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Feeding your livestock is pretty simple, right? Well, in actuality, by simply feeding your ruminants products that come from a vertebrate animal such as meat, fish meal, poultry meal, and eggs, you could actually risk Australia’s international markets and reputation.
The Australian Ruminant Feed Ban has been helping prevent the establishment of bovine spongiform encephalopathy (BSE) in Australia for over 25 years. BSE, otherwise known as mad cow disease, is an irreversible neurological disorder of cattle resulting from ingestion of an abnormal protein called a prion.
The first diagnosis of BSE in cows occurred in the UK in the 1980s, followed by research strongly suggesting a link between the disease and feeding meat and bone meal to cattle. Similarly, in sheep there is a transmissible spongiform encephalopathy (TSE) you may know as scrapie. These two diseases are rare, fatal and have no treatments or vaccines.
The impact of risking the introduction of BSE onto your farm will not only affect the health and profitability of your livestock but also Australia’s reputation. Its ripple effect will be nationwide, impacting our exporters, other livestock producers, processors and the market assurance of Australia.
Losing our TSE free status in Australia would result in years of export bans and financial hardship across the industry. It would be a long and difficult process to not only re-establish Australia as a TSE free country but to rebuild the international reputation and trust of Australian sheep and cattle products.
Fortunately for us, Australia has a well-established national approach including effective feed ban control measures and audits that ensure the greatest assurance of compliance with national and international requirements.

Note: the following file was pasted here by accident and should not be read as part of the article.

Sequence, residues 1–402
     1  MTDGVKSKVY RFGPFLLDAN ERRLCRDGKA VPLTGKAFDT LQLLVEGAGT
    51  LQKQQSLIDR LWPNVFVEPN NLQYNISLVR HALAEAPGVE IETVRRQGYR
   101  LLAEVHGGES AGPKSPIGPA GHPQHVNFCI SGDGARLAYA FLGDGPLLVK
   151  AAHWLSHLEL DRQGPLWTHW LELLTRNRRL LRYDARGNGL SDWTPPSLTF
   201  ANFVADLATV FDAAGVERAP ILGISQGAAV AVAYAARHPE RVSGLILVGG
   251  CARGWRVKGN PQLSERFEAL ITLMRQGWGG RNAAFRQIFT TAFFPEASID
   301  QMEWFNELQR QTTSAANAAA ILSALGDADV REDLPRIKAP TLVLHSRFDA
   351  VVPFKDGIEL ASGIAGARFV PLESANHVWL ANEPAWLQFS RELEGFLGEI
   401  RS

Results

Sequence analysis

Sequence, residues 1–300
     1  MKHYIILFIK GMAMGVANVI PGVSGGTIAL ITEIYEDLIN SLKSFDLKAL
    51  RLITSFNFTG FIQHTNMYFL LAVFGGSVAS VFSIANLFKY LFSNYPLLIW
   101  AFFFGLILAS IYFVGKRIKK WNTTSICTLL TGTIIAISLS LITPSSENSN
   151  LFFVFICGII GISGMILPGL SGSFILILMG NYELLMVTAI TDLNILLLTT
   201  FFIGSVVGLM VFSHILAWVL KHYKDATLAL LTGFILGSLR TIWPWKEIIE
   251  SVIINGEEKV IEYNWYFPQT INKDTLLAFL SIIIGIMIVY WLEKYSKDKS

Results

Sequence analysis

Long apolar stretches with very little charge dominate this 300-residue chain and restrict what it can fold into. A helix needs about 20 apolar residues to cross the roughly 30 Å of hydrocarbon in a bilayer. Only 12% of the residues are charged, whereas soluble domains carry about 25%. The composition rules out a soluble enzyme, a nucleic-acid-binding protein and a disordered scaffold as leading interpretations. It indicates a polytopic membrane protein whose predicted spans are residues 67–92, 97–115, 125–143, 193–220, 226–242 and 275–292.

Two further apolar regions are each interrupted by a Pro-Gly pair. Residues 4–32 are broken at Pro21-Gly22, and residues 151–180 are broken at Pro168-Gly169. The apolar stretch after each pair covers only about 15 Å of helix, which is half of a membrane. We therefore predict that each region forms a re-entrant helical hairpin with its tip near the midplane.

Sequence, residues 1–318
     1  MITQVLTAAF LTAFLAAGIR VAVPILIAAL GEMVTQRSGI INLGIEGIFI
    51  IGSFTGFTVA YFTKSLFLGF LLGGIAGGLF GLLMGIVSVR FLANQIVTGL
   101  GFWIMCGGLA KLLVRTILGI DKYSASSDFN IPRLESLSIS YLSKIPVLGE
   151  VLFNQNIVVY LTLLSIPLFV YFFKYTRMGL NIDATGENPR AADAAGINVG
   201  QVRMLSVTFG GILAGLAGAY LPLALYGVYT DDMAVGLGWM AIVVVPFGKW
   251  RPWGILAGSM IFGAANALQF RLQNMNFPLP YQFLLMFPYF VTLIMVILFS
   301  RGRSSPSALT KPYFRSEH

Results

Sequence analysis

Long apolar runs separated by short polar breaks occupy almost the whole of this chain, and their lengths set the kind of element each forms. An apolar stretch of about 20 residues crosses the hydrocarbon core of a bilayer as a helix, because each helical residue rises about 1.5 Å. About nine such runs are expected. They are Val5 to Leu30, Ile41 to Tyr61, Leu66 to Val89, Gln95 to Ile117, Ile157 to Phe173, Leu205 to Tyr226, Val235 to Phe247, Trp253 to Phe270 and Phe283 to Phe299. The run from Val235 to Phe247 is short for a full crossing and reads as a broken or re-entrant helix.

As part of this, states and territories have implemented legislation for ‘restricted animal material’ (RAM), a term to describe things that cannot be fed to ruminant livestock species (e.g. cattle, sheep, goats or deer). RAM is defined as any material taken from a vertebrate animal other than tallow, gelatin, milk products or oils. It includes rendered products, such as blood meal, meat meal, meat and bone meal, fish meal, poultry meal, eggs, feather meal, and compounded feeds made from these products.
Additionally, there are requirements around the safe use of fats and oils in ruminant feed. Manufacturers and producers adding oils into their ruminant feeds should only use recycled oils from Australian Rendering Association (ARA)-Accredited processors.
Learn about the safe use of fats and oils in ruminant feed here.
If you are a cattle, sheep, goat or deer producer, it’s vital you know if your livestock feed is legal or not!
Here are four simple steps on how you can help keep Australia BSE free.
Find more information on the AHA website here: https://animalhealthaustralia.com.au/australian-ruminant-feed-ban/